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Readers’ picks for top stories of 2018

December 30, 2018

The detention in late summer of dozens of people in the O’Neill area by officials with Homeland Security and Immigration and Customs Enforcement (ICE) officials was named the top area news story of year by people who participated in the Daily News’ online poll.

In July, workers from an O’Neill tomato greenhouse complex, a potato processing facility and a cattle feedlot were detained. They were suspected of being in the country illegally. Charges were also filed against a number of people connected to an alleged conspiracy to exploit illegal labor for profit, fraud and money laundering.

Plans to develop the riverfront area of downtown Norfolk also ranked among the year’s top stories. The project involves the Lower Elkhorn NRD, the City of Norfolk, private supporters and others. The plan includes more recreation, business and living opportunities for Norfolk residents and visitors.

The reopening of the renovated Norfolk Public Library last spring was also high on the list of reader favorites.

In May, the facility unveiled its 16,000-square-foot addition that provides additional meeting space as well as space for books and materials. The renovation included technology upgrades, allowing more people to make use of library computers or their own electronic devices.

Also among the year’s top local stories was the sentencing of a Norfolk woman to 55-75 years in prison on the charge of child abuse resulting in death.

Carla Montoya, 23, will have to spend at least 27½ years in the Nebraska Department of Corrections before she is eligible for parole, and she must spend at least 37½ years in prison before her mandatory release. She was charged in the death of her 4-year-old daughter, Caylee Hoehne.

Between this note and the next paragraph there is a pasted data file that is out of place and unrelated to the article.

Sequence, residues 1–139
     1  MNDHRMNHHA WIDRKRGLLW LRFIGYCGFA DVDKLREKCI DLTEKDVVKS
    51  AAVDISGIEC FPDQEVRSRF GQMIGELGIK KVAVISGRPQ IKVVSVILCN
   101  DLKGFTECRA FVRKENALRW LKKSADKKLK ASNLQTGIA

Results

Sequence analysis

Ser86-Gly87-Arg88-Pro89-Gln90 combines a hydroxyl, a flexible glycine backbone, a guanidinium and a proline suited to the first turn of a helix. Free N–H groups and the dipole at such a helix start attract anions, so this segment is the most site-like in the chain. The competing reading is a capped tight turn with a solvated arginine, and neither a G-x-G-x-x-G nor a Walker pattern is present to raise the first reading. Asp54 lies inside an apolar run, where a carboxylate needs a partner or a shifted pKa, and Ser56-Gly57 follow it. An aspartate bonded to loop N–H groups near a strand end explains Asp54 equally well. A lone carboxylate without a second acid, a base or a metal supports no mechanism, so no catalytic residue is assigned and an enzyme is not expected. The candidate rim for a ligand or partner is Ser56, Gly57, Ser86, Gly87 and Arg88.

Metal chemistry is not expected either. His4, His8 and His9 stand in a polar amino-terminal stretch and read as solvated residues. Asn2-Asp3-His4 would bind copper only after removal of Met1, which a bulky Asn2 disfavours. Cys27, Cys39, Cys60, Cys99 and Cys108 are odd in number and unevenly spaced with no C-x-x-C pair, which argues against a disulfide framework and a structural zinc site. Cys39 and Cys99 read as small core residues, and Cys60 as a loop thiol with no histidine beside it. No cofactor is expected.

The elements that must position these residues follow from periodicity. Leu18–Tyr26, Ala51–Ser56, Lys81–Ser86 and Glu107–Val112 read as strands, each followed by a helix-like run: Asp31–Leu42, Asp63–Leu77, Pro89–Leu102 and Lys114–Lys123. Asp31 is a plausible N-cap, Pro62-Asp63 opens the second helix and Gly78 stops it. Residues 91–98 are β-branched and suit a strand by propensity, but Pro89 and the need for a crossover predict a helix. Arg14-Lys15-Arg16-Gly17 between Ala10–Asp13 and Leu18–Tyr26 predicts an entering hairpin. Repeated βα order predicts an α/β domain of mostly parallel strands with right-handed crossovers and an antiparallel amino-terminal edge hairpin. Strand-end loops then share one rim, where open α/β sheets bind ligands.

The closing of one of Norfolk’s largest department stores was also considered a significant news story by some voters. In August, Herberger’s closed its store at the Sunset Plaza after being in that location since 1982.

Other top stories for the year include:

— The 2018 elections resulted in a new Madison county sheriff, clerk, register of deeds, commissioner and a new city council representative in Norfolk.

— Our Savior Lutheran Church moved to its new location on West Omaha Avenue, and the Norfolk Public Schools began renovation of the former church building on Norfolk Avenue.

— Involvement by the U.S. Army Corps of Engineers could delay construction on a Highway 275 expressway segment in Northeast Nebraska.

— After months of study, Madison County updated its wind energy regulations.

— A late January blizzard that struck the area highlighted a year of weather events that included considerably more rainfall than normal.

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